The historical conspiracy theory offered up in a Hollywood blockbuster opening today [Oct.28] — namely, that William Shakespeare’s plays were actually written by the Earl of Oxford — can be disproved by one stubborn fact: the 1609 “Sea Venture” wreck in Bermuda.
Director Roland Emmerich’s “Anonymous” is a political thriller and costume drama which dramatises the controversial theory that the works of Shakespeare [pictured] were written by an Elizabethan aristocrat, Edward de Vere, the Earl of Oxford.
His artistic output, long suppressed for its potentially seditious character, eventually finds a public venue through a playbroker, as rebels, whose cause de Vere supports, challenge the monarchy. Director Emmerich has Shakespeare, who is depicted as a simpleton and theatrical bit player, become the Earl’s secret frontman.
“The fatal weakness of the Oxfordian theory is chronological, a weakness that ‘Anonymous’ never addresses: the brute fact that Edward de Vere died in 1604, while Shakespeare continued to write, several times with partners, until 1613,” said one Shakespearean commentator this week.
“First produced in 1611, Shakespeare’s ‘The Tempest’ was inspired by events posthumous to the Earl of Oxford: Sir George Somers’ s misadventure to Bermuda took place in 1609. How can anyone be inspired by events that happened after his death?”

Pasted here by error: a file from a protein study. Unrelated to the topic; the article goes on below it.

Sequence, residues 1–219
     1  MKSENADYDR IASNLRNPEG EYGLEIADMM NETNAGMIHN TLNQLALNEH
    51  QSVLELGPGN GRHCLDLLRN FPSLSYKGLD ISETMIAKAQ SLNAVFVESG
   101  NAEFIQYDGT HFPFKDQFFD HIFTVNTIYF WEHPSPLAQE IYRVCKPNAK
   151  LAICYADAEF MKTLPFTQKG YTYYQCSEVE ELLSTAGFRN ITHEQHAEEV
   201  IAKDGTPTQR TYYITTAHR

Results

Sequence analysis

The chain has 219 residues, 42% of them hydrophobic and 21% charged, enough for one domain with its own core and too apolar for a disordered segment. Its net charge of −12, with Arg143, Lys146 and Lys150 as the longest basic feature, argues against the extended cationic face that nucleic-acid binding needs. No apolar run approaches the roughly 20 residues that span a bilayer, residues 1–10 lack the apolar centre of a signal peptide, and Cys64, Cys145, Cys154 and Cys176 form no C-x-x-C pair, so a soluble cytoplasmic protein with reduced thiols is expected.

Trailer For The New Film “Anonymous”
In his definitive study of the Bermuda/Shakespeare connection, American historian Hobson Woodward has argued July 28, 2009 marked two quadricentennials — one was the unintended founding of Bermuda by the“Sea Venture” castaways who came ashore here on a rain-whipped day in 1609.
The other was the 400th anniversary of the sprite Ariel, the wild man Caliban and mercurial magician Prospero — literary characters given life when the “Sea Venture” was wrecked in Bermuda and the story of how the ship’s company survived on the uninhabited island [referred to by name as "the still-vexed Bermoothes" in the play] captured the imagination of Shakespeare and resulted in “The_Tempest.”
In his book “A Brave Vessel”, Mr. Woodward tells the story of a sea voyage, shipwreck, and the settling of both Bermuda and Virginia.
He also chronicles connections between the “Sea Venture” wreck and Shakespeare’s play emerge throughout “The Tempest’s” narrative.
Published accounts of the Bermuda shipwreck circulated in London during the lifetime of William Shakespeare and some passages from these reports are cited almost word-for-word in “The Tempest.”
St. Georges Mayor Kenny Bascome at the November, 2010 dedication of the ”Sea Venture” memorial
“Anonymous”has been widely panned by critics, with “The New Yorker’s” David Denby dismissing the film as “a preposterous historical fantasia”. And Ron Rosenbaum at the on-line magazine “Slate” was particularly scathingly, branding the film “a high point in cinematic stupidity,” indeed, “in Western culture.” Likening the Oxford theory to the birther movement or creationism, he called on its proponents to “repudiate this botch of a movie,” which makes their “mendacious idea look like a ‘tale told by an idiot, full of sound and fury, signifying nothing’ …” The $30 million movie stars Vanessa Redgrave as Elizabeth I of England, Rhys Ifans as Edward de Vere, Earl of Oxford and Rafe Spall as William Shakespeare.
Widely regarded as Shakespeare’s last great play, “The Tempest” has been filmed at least a dozen times with acclaimed director Julie Taymor’s feminist take on the mystical tale of an enchanted island released last year.
Trailer For Director Julie Taymor’s 2010 Movie Of “The Tempest”
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